Why are we invited to fast? Jentezen Franklin describes fasting as “body talk.” We do something sacrificial that we feel in our bodies. It let’s God know that we are serious about our faith. The prophet Isaiah assures us that withholding food from our bodies with spiritual intention will loose the things that hold us back in our faith. Fasting will undo heavy burdens. The bad habits that hinder our health and destroy our ability to serve God can be broken when we fast for God. Often those who are seeking clarity of vision for the next step of their faith pilgrimage will combine fasting with scripture reading, meditation and prayer. Franklin describes how he did a 21-day fast when he was 19 years old. He heard God affirming, “Because you have sought me out, I am going to advance your ministry.” For ten years, his ministry was clearly directed by the God he sought to please.
When we fast, it adds extra power to our prayers. I think back to the early video game, Super Mario. He had the ability to jump up to stars over his head and he would have a brief surge of power and energy. That is what fasting does to our prayers: it shows the sincerity of our conviction, our willingness to submit to God’s purposes for our lives. Jesus began His ministry with 40 days of fasting in the wilderness. He had the strength to resist temptation and He emerged from that setting empowered for His redemptive ministry.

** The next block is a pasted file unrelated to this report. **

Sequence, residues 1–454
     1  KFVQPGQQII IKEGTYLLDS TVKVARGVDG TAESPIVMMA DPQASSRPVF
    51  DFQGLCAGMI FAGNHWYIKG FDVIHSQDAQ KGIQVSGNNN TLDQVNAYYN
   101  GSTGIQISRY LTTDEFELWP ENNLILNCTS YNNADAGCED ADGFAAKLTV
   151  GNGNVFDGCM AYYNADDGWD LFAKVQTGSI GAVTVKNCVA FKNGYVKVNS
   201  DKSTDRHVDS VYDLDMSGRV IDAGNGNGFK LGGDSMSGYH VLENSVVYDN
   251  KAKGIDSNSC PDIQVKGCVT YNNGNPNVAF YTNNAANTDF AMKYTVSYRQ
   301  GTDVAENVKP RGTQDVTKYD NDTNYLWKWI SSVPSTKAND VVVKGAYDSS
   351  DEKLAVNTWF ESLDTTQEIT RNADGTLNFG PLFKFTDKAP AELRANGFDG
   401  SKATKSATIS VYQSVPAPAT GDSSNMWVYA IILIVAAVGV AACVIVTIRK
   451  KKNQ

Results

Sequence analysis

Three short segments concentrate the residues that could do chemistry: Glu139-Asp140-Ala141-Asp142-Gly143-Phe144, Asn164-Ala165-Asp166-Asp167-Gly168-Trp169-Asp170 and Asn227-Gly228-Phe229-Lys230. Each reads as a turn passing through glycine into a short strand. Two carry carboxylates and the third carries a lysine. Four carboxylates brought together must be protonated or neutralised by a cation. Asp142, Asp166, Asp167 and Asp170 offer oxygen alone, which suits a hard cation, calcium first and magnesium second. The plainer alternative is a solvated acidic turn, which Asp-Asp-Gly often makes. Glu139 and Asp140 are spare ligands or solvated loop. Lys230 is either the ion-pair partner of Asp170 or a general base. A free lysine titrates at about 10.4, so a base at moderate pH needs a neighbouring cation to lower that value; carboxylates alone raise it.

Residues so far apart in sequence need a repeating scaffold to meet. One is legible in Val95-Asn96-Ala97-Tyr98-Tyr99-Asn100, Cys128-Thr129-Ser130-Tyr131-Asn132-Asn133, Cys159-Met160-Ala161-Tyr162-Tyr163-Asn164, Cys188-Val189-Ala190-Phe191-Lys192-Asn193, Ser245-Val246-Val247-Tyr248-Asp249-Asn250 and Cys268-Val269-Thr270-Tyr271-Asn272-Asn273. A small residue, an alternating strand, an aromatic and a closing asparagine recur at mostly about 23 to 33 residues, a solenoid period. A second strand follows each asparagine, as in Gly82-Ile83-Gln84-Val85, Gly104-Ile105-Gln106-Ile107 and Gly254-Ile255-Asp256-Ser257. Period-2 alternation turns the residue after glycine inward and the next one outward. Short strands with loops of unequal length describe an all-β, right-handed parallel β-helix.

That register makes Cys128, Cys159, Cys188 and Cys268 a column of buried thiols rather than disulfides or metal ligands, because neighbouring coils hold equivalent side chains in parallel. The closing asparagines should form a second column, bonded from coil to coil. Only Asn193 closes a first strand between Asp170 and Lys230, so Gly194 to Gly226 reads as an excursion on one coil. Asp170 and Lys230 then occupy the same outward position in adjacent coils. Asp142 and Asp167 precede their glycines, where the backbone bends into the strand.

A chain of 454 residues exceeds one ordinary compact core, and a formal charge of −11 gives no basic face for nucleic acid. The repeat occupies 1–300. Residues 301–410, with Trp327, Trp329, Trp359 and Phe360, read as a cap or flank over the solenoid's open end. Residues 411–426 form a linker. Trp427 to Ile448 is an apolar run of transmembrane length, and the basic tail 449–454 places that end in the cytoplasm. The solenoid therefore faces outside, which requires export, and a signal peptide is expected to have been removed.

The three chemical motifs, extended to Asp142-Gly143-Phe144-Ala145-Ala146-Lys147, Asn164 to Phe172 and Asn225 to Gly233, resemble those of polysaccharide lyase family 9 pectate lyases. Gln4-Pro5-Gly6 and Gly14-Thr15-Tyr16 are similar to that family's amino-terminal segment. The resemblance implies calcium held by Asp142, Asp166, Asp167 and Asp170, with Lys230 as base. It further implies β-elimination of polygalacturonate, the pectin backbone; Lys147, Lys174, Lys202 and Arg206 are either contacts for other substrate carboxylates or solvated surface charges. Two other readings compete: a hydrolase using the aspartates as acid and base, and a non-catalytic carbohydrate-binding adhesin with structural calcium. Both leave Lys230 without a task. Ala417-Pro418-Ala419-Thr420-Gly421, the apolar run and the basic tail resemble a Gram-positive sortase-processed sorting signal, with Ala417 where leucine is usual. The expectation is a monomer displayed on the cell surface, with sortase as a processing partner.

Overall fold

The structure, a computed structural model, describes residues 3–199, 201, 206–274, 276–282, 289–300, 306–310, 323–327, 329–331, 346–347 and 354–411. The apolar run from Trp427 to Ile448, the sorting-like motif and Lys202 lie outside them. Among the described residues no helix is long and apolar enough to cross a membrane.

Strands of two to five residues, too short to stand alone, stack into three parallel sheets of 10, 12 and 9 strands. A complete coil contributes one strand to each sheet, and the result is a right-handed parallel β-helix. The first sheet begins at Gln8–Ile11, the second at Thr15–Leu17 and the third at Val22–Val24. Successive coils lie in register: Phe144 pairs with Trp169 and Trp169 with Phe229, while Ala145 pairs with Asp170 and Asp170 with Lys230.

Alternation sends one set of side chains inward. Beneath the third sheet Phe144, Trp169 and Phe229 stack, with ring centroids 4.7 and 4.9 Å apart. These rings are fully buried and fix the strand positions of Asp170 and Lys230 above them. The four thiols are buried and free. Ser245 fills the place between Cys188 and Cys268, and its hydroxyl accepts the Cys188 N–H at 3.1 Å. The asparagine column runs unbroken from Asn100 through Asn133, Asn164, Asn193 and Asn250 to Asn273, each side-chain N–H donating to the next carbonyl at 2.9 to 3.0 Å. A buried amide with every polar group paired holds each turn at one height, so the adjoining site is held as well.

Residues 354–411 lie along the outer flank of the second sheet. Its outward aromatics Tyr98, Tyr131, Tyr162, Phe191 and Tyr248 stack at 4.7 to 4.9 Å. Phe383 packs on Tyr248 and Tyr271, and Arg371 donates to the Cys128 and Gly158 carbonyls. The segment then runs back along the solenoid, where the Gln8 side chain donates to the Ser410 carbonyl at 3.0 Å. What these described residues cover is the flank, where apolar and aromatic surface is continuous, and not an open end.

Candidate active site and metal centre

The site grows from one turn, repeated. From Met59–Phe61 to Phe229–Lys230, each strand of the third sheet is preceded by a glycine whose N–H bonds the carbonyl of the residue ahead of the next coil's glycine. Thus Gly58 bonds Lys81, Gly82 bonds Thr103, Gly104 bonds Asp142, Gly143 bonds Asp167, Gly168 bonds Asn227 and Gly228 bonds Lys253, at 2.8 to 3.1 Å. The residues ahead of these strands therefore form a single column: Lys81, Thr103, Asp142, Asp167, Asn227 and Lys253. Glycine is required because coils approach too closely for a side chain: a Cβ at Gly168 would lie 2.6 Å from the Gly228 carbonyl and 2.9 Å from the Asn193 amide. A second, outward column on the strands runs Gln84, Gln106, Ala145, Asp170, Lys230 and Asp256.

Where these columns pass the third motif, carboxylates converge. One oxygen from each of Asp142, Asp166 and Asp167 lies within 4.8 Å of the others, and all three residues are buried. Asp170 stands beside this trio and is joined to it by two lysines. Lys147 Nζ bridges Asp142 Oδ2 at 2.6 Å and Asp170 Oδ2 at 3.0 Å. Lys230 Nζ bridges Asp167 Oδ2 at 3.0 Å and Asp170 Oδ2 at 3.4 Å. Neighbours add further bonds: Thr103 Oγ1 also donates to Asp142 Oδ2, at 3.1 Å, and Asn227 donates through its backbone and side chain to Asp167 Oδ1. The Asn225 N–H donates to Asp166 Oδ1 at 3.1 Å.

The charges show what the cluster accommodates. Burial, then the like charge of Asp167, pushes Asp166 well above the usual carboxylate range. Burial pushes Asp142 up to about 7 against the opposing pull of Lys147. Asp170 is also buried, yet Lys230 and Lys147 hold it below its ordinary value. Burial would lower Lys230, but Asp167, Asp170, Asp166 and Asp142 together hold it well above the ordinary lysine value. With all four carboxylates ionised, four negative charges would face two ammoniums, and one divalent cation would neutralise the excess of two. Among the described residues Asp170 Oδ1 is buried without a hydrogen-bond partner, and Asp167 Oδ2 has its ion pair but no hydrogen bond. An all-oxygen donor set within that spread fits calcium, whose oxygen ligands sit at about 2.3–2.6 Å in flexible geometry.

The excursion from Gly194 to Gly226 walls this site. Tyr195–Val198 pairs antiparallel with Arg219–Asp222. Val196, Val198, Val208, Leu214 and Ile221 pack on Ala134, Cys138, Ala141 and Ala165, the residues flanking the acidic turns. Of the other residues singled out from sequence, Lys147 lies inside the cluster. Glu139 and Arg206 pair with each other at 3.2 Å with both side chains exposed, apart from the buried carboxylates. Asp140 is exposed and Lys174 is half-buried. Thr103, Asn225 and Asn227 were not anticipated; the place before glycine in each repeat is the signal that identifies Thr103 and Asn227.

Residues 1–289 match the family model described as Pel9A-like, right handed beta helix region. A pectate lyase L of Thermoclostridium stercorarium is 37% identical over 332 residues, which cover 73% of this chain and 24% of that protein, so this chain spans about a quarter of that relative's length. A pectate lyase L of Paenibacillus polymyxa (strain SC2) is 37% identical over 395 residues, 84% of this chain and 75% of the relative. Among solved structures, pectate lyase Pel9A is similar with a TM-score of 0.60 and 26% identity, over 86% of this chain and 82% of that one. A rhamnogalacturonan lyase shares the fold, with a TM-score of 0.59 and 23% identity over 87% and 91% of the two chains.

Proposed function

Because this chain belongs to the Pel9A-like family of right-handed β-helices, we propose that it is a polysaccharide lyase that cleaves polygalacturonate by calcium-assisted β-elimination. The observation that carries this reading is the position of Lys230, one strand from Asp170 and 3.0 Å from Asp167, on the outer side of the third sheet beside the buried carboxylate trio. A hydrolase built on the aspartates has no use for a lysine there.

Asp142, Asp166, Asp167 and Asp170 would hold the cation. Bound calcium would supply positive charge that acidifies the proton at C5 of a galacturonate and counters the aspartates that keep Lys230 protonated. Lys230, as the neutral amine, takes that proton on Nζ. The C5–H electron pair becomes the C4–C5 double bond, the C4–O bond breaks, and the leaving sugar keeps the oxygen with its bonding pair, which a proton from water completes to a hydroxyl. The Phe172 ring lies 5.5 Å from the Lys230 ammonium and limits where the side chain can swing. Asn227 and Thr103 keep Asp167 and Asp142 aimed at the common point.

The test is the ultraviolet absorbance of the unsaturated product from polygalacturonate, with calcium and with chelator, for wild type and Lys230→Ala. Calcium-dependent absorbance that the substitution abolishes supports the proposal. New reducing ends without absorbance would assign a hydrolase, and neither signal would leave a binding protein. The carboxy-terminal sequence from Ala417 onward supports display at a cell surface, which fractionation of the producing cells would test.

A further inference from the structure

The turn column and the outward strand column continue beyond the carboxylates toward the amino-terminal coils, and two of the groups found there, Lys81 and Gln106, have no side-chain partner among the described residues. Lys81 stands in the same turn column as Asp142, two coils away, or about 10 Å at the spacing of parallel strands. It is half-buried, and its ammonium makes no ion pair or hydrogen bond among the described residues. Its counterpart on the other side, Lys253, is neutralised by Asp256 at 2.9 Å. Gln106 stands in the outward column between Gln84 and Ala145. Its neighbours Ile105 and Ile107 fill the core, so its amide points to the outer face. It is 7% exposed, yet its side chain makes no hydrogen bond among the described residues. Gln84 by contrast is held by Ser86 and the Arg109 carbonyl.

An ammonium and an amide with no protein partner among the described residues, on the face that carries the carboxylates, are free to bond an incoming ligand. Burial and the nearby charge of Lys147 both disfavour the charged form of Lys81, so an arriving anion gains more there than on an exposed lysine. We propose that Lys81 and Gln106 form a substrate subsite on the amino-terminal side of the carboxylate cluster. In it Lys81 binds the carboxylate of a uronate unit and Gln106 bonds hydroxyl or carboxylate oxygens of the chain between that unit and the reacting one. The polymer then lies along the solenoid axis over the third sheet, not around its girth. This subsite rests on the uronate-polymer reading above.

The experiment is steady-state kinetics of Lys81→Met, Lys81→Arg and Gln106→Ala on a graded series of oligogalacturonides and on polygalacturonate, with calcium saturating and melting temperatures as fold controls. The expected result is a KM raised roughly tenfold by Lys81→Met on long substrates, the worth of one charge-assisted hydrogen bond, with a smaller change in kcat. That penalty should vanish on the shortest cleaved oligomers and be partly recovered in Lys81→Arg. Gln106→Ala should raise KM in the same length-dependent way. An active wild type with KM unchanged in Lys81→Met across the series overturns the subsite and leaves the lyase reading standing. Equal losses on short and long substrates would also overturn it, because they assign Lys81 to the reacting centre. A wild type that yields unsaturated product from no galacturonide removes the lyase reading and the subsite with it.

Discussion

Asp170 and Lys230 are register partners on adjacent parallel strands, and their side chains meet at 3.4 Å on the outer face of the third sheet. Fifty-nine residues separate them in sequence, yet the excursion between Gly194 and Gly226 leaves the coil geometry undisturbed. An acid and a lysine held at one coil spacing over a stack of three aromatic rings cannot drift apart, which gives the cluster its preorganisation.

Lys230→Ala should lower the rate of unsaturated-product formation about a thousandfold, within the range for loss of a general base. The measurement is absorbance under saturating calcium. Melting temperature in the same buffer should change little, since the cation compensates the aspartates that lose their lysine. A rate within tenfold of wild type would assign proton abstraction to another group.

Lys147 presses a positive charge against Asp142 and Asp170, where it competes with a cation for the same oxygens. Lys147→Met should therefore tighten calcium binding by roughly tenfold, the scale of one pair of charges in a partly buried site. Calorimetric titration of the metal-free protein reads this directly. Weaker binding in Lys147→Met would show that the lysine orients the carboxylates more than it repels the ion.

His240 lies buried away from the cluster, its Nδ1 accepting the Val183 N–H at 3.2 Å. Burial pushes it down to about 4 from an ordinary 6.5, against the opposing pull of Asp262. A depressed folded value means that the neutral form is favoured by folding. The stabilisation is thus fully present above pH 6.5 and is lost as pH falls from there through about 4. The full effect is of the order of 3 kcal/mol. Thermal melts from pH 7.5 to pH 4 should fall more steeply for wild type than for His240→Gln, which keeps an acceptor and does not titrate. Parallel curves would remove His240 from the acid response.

When we fast we stand alongside of those who live with hunger on a daily basis. 811 million people are estimated to go to bed hungry each night. 14 million children under age five worldwide suffer from severe malnutrition. We watch the images of mass displacement of families in Ukraine and mobs of people taking refuge in subway tunnels. We can’t help but wonder where food will come from and how long they can last in these dire circumstances. Intentional efforts by many organizations have sought to eradicate hunger and they were making good progress on that goal. In 2019, 8.9% of the world’s population was undernourished. In 2020 there was global conflict, a global pandemic, and a world recession that set us back in trying to make sure that people have enough food to survive. When we choose to fast and we do it quietly for God, we feel a physical solidarity with these folks that we may not know but who are part of our human family.